Subject to a reduced rate proposal, the Clark Development Corporation (CDC) ultimately agreed to give Clark Water Corporation (CWC) notice to proceed with its Compliance Action Plan (CAP).

This, after the CWC, a subsidiary of Manila Water Company, Inc., agreed to CDC’s condition of capping the rate increase at P4.35 per cubic meter (/ m3) over a four-year period.

The CDC’s CAP complies with administrative decree 2016-8 (DAO 2016-8) of the Ministry of the Environment and Natural Resources (DENR), which defines water quality guidelines and general standards relating to effluents for public and private services.

The negotiation of the terms of the CAP was the subject of discussions between the CDC and the CWC even before the chairman of the CDC, Manuel R. Gaerlan (retired) took control of the state-owned company.
It took another three months for CDC and CWC under Gaerlan’s leadership to come to a workable deal.

CDC’s main argument against CWC’s original proposal is the resulting Extraordinary Tariff Adjustment (ETA) of 24.70 P / m3 for water and wastewater.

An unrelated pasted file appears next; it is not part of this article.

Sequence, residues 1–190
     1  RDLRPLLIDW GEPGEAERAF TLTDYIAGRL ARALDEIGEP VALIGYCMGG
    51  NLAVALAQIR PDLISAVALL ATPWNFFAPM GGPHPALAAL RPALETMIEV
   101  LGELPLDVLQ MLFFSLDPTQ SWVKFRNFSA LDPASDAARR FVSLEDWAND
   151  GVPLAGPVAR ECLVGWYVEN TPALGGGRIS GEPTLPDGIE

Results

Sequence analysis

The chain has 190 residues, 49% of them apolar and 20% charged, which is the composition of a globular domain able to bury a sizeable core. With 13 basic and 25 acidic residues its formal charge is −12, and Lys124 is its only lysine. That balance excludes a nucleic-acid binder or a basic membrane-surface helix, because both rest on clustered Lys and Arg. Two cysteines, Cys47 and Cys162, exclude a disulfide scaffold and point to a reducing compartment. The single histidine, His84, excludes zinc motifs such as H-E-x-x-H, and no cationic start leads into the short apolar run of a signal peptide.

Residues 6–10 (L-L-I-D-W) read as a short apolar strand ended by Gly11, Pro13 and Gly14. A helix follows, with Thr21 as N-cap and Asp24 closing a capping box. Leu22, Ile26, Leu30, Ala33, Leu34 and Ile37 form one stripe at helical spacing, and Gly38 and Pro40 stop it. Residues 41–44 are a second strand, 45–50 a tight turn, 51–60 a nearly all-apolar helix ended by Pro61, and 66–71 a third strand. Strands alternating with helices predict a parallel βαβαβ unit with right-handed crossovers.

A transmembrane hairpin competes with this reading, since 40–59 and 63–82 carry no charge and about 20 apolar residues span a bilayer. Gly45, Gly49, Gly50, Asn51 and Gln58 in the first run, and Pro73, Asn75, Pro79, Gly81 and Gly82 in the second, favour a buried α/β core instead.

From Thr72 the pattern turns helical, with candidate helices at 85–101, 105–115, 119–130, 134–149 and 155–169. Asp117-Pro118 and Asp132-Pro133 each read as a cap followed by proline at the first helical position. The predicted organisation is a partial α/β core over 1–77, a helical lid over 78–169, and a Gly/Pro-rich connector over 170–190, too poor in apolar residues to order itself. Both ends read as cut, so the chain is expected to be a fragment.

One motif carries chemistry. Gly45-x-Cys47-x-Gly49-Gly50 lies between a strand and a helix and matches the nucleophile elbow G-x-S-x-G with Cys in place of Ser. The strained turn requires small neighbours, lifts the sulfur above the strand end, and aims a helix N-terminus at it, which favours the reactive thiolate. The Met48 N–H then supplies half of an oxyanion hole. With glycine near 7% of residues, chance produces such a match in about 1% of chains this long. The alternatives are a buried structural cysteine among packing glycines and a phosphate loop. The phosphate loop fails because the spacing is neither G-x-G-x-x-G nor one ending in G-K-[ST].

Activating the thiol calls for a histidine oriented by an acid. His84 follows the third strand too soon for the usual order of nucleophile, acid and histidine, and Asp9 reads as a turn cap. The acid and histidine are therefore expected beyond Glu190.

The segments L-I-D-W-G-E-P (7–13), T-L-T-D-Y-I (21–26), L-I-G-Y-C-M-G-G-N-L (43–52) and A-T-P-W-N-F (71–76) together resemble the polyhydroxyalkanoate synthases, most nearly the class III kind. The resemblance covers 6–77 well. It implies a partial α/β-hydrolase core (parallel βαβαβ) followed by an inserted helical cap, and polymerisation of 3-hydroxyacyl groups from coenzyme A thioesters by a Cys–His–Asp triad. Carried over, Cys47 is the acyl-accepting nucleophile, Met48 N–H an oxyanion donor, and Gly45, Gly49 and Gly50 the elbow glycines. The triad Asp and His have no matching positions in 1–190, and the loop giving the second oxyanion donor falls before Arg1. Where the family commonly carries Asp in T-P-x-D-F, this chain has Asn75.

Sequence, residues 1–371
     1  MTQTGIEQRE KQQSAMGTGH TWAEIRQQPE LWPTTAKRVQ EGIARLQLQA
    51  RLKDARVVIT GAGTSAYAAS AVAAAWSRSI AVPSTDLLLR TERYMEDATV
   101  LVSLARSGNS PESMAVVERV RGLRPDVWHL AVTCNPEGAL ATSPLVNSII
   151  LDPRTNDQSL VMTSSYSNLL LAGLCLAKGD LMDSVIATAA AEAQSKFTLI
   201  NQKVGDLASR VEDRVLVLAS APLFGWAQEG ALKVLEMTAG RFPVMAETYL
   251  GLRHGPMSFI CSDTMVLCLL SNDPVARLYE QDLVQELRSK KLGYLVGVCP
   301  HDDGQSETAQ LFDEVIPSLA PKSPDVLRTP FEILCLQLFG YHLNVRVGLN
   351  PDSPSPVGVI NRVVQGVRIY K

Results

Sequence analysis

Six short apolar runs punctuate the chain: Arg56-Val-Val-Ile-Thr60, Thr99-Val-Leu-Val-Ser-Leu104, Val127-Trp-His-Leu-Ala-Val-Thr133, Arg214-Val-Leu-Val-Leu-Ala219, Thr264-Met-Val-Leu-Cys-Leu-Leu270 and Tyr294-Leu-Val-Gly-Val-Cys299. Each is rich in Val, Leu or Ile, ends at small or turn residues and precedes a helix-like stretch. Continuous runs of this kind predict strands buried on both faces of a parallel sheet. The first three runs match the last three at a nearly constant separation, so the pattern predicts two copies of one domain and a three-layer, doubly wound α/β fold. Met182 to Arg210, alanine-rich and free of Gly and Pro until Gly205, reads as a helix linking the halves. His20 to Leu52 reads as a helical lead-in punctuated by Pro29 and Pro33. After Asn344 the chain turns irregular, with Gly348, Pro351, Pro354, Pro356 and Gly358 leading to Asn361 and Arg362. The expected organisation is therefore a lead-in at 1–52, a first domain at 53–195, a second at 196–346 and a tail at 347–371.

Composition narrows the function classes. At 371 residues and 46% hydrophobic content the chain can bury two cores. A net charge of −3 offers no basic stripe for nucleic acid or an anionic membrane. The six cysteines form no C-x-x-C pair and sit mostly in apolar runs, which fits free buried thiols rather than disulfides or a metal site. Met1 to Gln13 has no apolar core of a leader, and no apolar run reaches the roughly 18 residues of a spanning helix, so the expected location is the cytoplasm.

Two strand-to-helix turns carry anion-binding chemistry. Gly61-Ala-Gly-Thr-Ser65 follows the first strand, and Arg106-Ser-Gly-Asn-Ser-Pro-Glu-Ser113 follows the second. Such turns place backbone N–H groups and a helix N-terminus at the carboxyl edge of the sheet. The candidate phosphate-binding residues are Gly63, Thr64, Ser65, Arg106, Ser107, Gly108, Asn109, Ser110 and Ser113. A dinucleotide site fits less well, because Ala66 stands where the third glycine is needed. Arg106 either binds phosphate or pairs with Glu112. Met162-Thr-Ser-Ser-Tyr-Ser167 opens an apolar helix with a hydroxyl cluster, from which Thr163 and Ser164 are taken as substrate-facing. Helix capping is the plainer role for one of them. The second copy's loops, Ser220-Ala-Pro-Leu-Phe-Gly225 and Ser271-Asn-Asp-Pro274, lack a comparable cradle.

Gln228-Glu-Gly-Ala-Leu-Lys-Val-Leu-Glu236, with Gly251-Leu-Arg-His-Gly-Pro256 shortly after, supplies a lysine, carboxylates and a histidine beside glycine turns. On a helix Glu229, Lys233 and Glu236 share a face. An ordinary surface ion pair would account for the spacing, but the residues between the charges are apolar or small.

The proposed ETA was reduced to P11 per cubic meter after CDC rejected the original proposal.
According to CDC, CWC argued earlier that they will spend around 1.4 billion pesos to implement their solution with the use of membrane sequenced reactor (MSBR) technology.

For its part, CDC engineers proposed the use of a hybrid bio-phyto-remediation solution that incorporates microbial reactors with a reed bed to meet effluent standards for ammonia, nitrates and phosphates.

The CDC solution has been said to involve a much lower capital expenditure and up to 30 percent of operational expenditure compared to that of CWC’s MSBR technology. The CDC argued that the lower costs will result in much smaller rate adjustments.

BioCleaner Corporation, a US-based company approved by the US Trade Department of the US Embassy, ​​estimated that the tariff adjustment using their technology would be between P3.08 and P4.35 per cubic meter.

The bio-remediation approach costs a fraction of the CWC setup and requires much less power consumption.

The CDC said it had to make a decision that favors its locators amid pressure from the DENR and the regional director of the Environmental Management Bureau (EMB).

Earlier this month, Environment Secretary Roy A. Cimatu came to Clark and met with representatives from the CWC and CDC.

After his visit, he tasked DENR Under Secretary for Policy and Planning Jonas R. Leones to ensure CWC compliance with DAO 2016-8.



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